Dems May Fall Short Of 60 Senators
It’s really amazing that it’s becoming a strong possibility that we could even talk about, much less actually see something on the order of 7-11 seat gains by the Democrats in the U.S. Senate, depending on the accuracy of the polls. But based on my formula – accounting for financial data, polling averages, and the Obama vs. McCain coattails, I’m projecting that the Democrats will fall just short of their goal of 60 seats. My formula tells me they will win 8, and end up with 59 senators in the next Congress. Here’s some writeups on the individual races:
19. Kansas (Roberts vs. Slattery) – Safe Republican
18. Idaho (Risch vs. LaRocco) – Safe Republican
17. Nebraska (Johanns vs. Kleeb) – Safe Republican
16. Oklahoma (Inhofe vs. Rice) – Safe Republican
15. Texas (Cornyn vs. Noriega) – Likely Republican
None of these races have changed their order since my October 20th update, although Andrew Rice seems to have slipped out of any semblance of competition. Kleeb ran an entirely positive race, and we haven’t seen an independent poll here at all, but frankly the news in Nebraska will be in Omaha’s House race and the electoral votes there, and not where Kleeb wins. Idaho and Nebraska are notable as they will have freshman Senators being elected into a much reduced GOP caucus. And Noriega proves that in the big states, money is required even against the unlikable incumbents.
14. Mississippi (Wicker vs. Musgrove) – Lean Republican
This race slips down 2 notches as polling shows a partisan and racial polarization going on in Mississippi. Maybe Obama’s turnout can deliver a miracle, but I don’t see it.
13. Kentucky (McConnell vs. Lunsford) – Lean Republican
Well, McConnell didn’t slip into desperation like some incumbents, but has instead hit back hard against Lunsford. And Lunsford is resorting to ads featuring Hillary Clinton. Perhaps something will happen here, and we may know early, but it will likely depend on how badly Obama is beaten here.
12. Maine (Collins vs. Allen) – Lean Republican
Collins has shown up on an Obama list for possible Cabinet appointees, which is a bit of a surprise, given the DSCC is still wanting her to lose Tuesday. But this race moves up my Line mostly because my formula now accounts for presidential coattails, which will help Allen more than Collins.
11. Georgia (Chambliss vs. Martin) – Lean Republican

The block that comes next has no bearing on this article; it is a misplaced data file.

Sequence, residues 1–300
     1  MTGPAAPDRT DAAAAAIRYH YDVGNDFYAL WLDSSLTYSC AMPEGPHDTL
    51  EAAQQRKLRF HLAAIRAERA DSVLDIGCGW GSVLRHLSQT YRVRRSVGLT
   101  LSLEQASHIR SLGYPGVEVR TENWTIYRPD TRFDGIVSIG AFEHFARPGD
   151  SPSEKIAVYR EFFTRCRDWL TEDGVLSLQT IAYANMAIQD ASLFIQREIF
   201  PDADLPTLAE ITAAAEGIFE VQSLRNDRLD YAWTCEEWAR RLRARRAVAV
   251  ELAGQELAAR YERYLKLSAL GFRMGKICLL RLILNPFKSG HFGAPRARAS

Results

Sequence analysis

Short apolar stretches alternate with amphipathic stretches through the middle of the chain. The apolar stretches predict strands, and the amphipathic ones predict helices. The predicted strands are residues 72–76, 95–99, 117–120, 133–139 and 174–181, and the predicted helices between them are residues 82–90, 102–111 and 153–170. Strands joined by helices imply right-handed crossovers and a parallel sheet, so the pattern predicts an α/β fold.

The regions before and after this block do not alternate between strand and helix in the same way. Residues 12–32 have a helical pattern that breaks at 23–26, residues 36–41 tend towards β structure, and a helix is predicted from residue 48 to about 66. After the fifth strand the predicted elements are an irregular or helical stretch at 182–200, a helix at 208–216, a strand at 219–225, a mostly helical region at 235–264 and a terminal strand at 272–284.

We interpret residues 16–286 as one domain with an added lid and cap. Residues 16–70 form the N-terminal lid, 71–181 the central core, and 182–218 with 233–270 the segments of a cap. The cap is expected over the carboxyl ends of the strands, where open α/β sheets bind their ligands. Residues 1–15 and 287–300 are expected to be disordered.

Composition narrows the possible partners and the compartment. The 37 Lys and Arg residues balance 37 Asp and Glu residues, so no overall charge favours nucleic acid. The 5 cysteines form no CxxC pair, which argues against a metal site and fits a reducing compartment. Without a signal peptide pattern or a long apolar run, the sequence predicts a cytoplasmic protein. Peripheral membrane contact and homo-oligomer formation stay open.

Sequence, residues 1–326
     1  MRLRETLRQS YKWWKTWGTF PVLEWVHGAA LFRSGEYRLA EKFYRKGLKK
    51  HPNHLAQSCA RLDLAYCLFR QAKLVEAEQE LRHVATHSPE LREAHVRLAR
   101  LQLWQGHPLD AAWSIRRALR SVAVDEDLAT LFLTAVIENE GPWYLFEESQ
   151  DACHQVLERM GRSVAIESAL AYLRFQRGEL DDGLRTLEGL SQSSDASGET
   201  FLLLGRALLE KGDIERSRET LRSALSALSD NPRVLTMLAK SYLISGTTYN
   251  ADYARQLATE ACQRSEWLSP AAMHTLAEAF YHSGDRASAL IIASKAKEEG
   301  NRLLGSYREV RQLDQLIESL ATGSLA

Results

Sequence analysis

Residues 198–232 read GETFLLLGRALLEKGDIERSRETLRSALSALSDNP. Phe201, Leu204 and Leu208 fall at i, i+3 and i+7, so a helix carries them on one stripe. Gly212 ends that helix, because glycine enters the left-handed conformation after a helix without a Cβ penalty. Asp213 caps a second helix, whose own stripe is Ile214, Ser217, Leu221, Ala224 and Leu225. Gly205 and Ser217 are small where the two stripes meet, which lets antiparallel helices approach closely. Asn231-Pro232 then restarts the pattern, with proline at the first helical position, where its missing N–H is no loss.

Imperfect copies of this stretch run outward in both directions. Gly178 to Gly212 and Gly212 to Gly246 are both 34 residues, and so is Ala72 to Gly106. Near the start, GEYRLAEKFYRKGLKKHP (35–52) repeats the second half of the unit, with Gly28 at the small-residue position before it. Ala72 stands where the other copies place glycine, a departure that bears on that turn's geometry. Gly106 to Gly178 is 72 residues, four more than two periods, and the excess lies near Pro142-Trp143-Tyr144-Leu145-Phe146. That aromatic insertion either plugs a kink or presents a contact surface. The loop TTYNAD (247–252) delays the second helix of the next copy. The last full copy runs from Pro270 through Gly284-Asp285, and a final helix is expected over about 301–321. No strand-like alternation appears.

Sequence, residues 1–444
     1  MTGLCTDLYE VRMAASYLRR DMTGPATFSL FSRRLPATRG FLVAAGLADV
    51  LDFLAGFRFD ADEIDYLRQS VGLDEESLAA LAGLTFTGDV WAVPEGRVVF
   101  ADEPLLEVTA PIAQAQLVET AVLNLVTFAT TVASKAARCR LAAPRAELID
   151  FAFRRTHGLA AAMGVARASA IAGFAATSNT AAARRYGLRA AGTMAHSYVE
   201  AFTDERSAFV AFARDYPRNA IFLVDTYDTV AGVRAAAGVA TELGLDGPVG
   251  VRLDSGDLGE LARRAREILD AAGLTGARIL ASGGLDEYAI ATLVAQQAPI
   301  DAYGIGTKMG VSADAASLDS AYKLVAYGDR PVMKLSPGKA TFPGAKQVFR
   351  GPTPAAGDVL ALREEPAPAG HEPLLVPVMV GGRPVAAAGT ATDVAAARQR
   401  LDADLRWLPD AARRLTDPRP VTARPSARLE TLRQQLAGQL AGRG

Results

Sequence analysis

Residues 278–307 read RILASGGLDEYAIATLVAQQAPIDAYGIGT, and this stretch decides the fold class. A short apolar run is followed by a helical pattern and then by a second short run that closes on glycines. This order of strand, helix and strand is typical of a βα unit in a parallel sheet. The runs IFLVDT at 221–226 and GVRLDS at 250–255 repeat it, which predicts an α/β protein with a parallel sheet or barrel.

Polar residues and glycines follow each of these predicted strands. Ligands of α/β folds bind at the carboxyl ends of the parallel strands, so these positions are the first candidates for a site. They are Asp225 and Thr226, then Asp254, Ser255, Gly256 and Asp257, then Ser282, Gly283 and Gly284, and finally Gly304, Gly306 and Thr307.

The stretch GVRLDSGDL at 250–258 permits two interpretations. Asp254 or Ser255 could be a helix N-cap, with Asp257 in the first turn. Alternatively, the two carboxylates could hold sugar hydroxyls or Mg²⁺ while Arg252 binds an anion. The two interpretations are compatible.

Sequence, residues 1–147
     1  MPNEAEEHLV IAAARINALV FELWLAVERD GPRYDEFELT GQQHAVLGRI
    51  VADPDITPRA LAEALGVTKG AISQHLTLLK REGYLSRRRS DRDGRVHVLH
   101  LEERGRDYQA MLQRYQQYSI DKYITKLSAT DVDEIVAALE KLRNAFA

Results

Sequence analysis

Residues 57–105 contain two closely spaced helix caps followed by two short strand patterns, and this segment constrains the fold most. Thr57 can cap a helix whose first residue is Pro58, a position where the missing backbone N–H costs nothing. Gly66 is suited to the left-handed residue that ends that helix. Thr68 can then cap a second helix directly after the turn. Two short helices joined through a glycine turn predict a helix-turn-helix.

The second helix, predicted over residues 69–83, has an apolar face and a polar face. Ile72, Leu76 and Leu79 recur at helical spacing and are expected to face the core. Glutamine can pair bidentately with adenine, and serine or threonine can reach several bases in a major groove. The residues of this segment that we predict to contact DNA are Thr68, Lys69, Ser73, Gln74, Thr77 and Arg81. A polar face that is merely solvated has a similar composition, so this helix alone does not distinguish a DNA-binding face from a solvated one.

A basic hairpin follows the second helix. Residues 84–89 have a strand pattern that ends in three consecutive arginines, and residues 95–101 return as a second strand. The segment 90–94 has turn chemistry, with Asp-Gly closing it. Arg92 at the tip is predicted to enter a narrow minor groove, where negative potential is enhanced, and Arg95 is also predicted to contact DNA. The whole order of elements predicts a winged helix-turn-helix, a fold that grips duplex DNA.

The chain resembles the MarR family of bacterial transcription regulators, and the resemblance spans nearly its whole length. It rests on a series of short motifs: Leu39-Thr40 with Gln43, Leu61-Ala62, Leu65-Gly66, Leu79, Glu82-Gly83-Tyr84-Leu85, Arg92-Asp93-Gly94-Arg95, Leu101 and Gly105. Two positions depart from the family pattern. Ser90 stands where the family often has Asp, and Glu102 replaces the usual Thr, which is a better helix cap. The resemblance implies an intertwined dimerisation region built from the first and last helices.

Georgia remains the Dems’ best chance for an upset, and part of that is because Obama is starting to run ads here as the race tightens on the presidential level. Another quirk is the Georgia law requiring a run-off if no candidate wins 50%. It was a legacy of the Dixiecrats that was removed recently, but restored when the GOP took hold of the state – a law that may now bite them in the ass if Chambliss’ reelection is the last race of 2008.
10. North Carolina (Dole vs. Hagan) – Lean Democrat
Liddy Dole has fallen behind in all the recent polls, although they differ on the margins. So she throws a sucker punch about Hagan supporting a “godless” agenda – not a smart attack on a Sunday School teacher, and it’s rightfully backfiring on Dole. This moved down the lines on presidential coattails, but I feel safer about this one than Minnesota.
9. Minnesota (Coleman vs. Franken) – Lean Democrat
A three-way race has developed, although the Independent party nominee is a distant third (in the mid-teens). That’s thrown a monkey wrench into polling, as no one can quite tell which party is hurt more by his candidacy. The race is almost a tossup, but I have to think Obama’s landslide numbers here puts a thumb on the scales for Franken. Could be a nailbiter on Election Night.
8. Oregon (Smith vs. Merkely) – Lean Democratic
Hurt by Obamania and a scandal involving illegal immigrants, Gordon Smith has fallen behind his Democratic challenger in both the polls and the inferences gleamed from data on early voters (whose registrations lean heavily Democratic). As this is a mail-in election, Smith looks like his goose his cooked, despite being somewhat moderate and not unliked. Probably the Mike DeWine of this cycle.
7. Alaska (Stevens vs. Begich) – Lean Democratic
Senator Stevens was convicted (although his 84-year-old mind is of the belief that he wasn’t convicted because he still has to be sentenced and has an appeal pending). But the NRSC has left town, and a new poll puts Stevens down 22 points (even as Sarah Palin leads by almost as much in the VP stakes). My rating of “Lean” is rather generous, I think.
6. New Hampshire (Sununu vs. Shaheen) – Likely Democrat
5. Colorado (Schaffer vs. Udall) – Likely Democrat
4. Louisiana (Kennedy vs. Landrieu) – Likely Democrat
3. New Jersey (Zimmer vs. Lautenberg) – Safe Democrat
2. New Mexico (Pearce vs. Udall) – Safe Democrat
1. Virginia (Gilmore vs. Warner) – Safe Democrat
In this bunch, only Louisiana and New Jersey switched places, which makes sense given how the Obama vs. McCain battle is going. And actually, Shaheen and Mark Udall have strengthened their hand, as has Lautenberg, since the last ratings update.
If we had a bad night, we’d win all 6 of these plus Alaska (although New Hampshire would be close) for a caucus of 56 instead of 51. However, the only way that will happen is if the polls have been way off in guessing the mood of the country. I think we’ll end up with the Top 10 on this list, with Minnesota (#9) and Georgia (#11) being the ones to reall watch to see if we can get up to 60, or if we fall short of that.